Cloud managed services, cloud migration services, IT infrastructure services, IT infrastructure management
Jan 24, 2017

Is there a best-fit pricing model for public cloud management services? - 2


In my previous blog, traditional pricing models and the typical characteristics of public cloud management. So the question to ask is, will the long established pricing models work here? T&M is evergreen but risky for customers, thus forcing them to quickly move away from this model. Providers do not want to go with fixed price model either given the variable/agile nature. I’ve seen some providers trying to price it using the technology/service component based model such as per VM, per-network element, per-storage element, and so on. In my opinion, this is incorrect as you will not find a public cloud environment that is completely Infrastructure as a Service (IaaS) and only use these elements.

Take any other established pricing model and try to fit them into this situation. The outcome will be a highly complicated model that no customer would be able easily understand, thus delaying the decision-making and buying process!

So what is the right answer? A more appropriate question would be ‘Is there a right answer, yet?’ Customers expect pricing models to have certain characteristics – simple to calculate, low-risk, outcome-driven, fairly predictable/upper spend capped. Basically, some sort of ‘predictably agile’ pricing model for infrastructure management services (IMS) should be developed. The fundamental principle of this model should ensure fairness in distribution of risks and encourage efficient work benefiting both parties, all of this while keeping the model simple.

I’ve seen some providers use a cloud spend-based, layered pricing model with a good amount of success. The layers typically are:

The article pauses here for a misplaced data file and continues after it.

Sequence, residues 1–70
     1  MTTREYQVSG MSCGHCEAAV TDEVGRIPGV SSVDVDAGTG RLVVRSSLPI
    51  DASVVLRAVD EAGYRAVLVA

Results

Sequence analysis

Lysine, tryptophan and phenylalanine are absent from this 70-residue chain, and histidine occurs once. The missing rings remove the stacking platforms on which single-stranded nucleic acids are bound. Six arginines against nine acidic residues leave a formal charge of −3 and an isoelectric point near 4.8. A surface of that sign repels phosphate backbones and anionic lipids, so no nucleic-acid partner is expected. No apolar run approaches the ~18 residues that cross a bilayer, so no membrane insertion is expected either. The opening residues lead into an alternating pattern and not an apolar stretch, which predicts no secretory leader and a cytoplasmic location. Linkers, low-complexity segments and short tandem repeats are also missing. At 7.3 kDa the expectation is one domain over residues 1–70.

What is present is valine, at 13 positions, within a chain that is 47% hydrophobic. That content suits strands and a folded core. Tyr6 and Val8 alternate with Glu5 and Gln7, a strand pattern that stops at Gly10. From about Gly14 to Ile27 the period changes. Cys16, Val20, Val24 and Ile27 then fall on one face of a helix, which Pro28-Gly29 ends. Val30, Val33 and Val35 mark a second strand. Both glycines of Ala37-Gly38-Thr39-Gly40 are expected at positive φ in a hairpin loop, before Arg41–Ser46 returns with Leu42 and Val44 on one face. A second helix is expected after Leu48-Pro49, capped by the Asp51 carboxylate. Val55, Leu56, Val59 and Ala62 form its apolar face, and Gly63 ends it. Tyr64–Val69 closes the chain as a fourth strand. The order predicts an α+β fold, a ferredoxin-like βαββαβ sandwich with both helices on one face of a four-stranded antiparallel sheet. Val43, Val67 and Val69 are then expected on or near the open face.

• Layer-1: X% of customer’s public cloud spend as the charges for cloud platform level activities
  • Layer-2: Additional a% for OS level activities
  • Layer-3: Additional b% for application platform level activities
  • Layer-4: Additional c% for tool chains level activities

This may seem to fit the aforementioned principle. However, depending on the characteristics of the ‘workload model’, i.e., workload type| environment| deployment model | automation quotient, the risks and benefits could swing either the customer’s or the provider’s way. Therefore, it is imperative to define a few standard ‘workload models’ (which becomes the unit of charge) and the percentage charges should be based on those models. The models can be a combination of the below listed aspects and then you can keep the percentage that you charge against the ‘cloud spend for these workloads’ based on the combinations you’ve arrived at and your traditional aspect of SLA performances.


Workload Type


Deployment Model

Automation Quotient

% of Spend

  • Agile
  • Stable
  • Production
  • Pre-Production
  • Cloud Native %
  • Traditional %
  • High
  • Medium
  • Low

% you want to charge for the arrived model, for each layer


A quick assessment of customer’s cloud environment (questionnaire based?) should be able to provide with a decent understanding of the existence of these ‘workload models’.

Now, the percentage that you want to charge for each model is still going to be a tricky game, but patterns will emerge. Unless the providers know how much manual and automated work typically is involved in maintaining each of these workload models, it is going to be a hard time justifying the ‘% charge’ with your customer and the provider’s business finance team. I’m not saying this is the best fit pricing model for the management of IT infrastructure environment on cloud, but this is something that could be explored as it is fairly easy to understand and has fairness when it comes to risk sharing. 

There are a few other innovative pricing modes like ‘equity-based’ ones that are interesting but for now there is not much evidence of their widespread usage and are more experimental in nature.

Let me know what you think, and in case you find a better fit, predictable pricing model for managing the agile IT infrastructure on cloud, do post your comments!

Disclaimer: The information and views set out in these blogs are those of the author(s) and do not necessarily reflect the official opinion of Microland Ltd.